Fedora didn’t say CTE doesn’t exist. He didn’t say there is no link whatsoever between football and CTE. He didn’t say football is totally safe. Nobody believes any of those things. We are at the point now where everyone who cares about football is worried about the long-term health of players.
What he suggested is what dozens of respected doctors are saying: the onslaught of negative media coverage has skewed the reality. If you’re a football coach, it probably feels like an “attack.” (It may also feel like an attack when a North Carolina columnist suggests Fedora “might have had one Red Bull too many.”)
Studies expressing caution about “settled” assumptions regarding CTE are largely ignored by the media – a mere speed bump on the way to the inevitable conclusion that football kills. Only a couple of weeks ago, two leading CTE researchers came out with a study that said this: “Recently there has been a significant amount of media attention surrounding the commonness of CTE in professional athletes, particularly American football, based on several postmortem case series. However, despite the persuasive claims made by the media about CTE, research on the disease and the effects of mTBI [mild traumatic brain injury] in general remain in its infancy.”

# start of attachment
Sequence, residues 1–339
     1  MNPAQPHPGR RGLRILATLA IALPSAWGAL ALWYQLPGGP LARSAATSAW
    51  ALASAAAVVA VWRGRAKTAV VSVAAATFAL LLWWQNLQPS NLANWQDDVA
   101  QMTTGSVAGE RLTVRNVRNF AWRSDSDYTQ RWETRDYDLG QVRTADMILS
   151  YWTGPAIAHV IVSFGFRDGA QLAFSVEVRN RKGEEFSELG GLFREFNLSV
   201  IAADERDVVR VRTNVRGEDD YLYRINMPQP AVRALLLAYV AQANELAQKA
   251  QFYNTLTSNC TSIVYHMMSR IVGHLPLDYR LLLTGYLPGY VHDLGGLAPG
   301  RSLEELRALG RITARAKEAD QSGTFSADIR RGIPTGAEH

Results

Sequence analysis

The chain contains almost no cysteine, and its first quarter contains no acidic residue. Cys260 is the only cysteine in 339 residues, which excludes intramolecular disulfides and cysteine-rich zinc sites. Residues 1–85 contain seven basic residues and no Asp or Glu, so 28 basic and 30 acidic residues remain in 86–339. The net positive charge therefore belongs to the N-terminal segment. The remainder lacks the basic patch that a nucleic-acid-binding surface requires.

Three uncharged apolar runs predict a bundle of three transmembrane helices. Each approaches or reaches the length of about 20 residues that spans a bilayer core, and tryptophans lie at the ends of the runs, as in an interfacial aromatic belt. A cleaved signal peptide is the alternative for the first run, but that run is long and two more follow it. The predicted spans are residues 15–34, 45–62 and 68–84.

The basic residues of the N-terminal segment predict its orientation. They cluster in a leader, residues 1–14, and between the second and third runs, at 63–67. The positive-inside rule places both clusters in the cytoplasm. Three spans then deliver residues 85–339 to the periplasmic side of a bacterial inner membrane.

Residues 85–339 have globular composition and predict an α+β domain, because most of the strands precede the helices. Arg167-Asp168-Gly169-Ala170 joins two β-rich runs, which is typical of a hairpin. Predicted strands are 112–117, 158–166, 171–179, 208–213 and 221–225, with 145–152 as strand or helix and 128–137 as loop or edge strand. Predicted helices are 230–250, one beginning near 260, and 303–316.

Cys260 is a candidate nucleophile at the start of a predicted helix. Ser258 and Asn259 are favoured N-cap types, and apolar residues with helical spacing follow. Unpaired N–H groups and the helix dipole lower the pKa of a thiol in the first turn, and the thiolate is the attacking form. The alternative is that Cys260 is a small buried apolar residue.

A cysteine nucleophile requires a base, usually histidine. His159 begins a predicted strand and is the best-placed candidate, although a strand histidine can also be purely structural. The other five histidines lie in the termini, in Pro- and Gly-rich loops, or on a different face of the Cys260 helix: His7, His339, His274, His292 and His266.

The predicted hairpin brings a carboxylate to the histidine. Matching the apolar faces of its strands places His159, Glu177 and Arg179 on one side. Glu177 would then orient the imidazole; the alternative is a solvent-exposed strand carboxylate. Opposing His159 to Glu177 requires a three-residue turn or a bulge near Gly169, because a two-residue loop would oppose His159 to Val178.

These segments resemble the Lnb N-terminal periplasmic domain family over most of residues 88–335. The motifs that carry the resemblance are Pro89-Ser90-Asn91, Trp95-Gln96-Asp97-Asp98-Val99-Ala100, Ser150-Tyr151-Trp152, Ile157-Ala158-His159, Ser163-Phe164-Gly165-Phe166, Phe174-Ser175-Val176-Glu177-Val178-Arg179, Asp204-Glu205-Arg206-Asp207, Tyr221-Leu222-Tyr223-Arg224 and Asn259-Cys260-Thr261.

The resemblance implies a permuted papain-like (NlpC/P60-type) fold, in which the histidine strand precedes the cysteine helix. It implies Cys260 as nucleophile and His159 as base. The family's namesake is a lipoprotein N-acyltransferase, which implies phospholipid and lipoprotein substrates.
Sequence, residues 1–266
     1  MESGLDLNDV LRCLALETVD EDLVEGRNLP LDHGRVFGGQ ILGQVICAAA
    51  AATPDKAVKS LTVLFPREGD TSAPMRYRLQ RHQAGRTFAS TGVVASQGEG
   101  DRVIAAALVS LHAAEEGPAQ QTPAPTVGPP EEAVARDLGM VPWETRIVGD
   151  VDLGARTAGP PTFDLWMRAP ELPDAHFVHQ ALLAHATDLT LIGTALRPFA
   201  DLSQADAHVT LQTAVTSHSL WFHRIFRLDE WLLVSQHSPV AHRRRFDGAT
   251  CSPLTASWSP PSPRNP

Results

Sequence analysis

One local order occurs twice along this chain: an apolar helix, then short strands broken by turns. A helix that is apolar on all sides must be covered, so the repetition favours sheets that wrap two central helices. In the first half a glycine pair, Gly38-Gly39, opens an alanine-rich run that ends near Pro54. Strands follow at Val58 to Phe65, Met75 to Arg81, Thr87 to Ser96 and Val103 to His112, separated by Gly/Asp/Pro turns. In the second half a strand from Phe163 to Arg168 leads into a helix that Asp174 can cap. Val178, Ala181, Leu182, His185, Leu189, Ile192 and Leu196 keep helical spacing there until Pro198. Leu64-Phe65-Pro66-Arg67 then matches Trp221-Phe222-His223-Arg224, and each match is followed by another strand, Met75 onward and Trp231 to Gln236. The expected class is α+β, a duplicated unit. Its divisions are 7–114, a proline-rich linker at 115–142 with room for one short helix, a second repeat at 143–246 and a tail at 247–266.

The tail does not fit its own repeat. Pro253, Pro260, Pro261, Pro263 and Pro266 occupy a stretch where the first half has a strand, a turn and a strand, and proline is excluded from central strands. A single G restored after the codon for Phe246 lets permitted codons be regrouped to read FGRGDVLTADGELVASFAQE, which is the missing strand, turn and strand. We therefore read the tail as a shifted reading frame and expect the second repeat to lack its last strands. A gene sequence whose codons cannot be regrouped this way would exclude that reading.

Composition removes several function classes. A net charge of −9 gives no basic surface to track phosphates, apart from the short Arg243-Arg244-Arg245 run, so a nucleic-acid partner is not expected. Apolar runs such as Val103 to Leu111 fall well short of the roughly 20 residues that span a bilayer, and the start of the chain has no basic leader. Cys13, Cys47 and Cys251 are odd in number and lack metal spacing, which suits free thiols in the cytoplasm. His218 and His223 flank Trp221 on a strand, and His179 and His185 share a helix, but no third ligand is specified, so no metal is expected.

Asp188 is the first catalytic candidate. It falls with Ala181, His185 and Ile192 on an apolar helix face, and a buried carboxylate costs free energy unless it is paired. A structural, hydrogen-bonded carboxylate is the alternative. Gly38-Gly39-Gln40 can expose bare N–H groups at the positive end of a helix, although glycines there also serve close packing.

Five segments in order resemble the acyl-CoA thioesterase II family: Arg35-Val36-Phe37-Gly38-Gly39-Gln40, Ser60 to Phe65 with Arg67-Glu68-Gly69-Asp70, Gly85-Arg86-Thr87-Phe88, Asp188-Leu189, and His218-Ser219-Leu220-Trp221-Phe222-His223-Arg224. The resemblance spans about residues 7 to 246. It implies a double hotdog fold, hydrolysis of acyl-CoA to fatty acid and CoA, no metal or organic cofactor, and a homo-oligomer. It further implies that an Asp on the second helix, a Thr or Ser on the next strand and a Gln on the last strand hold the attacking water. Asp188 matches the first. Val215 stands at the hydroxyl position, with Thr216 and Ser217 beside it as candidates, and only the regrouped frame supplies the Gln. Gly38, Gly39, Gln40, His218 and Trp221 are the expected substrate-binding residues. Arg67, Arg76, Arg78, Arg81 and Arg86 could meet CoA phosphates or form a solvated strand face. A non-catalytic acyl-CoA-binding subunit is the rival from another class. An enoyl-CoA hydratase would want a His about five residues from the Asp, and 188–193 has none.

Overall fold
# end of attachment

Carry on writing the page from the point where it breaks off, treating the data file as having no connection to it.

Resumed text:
The study goes on to state that “clinical analysis of CTE cases are fragmented, making potential risk factors for developing CTE impossible to determine with confidence. Despite these limitations, media coverage of CTE is giving the impression that developing symptomatic CTE is almost inevitable if you are a long-term contact sports player.”
Most members of the media do not quote these experts, or even seek comment from them.
No one is saying football is devoid of risk. No one is saying football cannot lead to brain damage. Fedora said “repeated blows to the head” cause CTE, and he even said tackle football should not be played before middle school.
But there are many other factors that can lead to the frightening outcomes we fear, including drug use, opioids, genetics and even poverty. Multiple studies link economic status to later-life mental health problems. It’s currently impossible to control for all of those factors.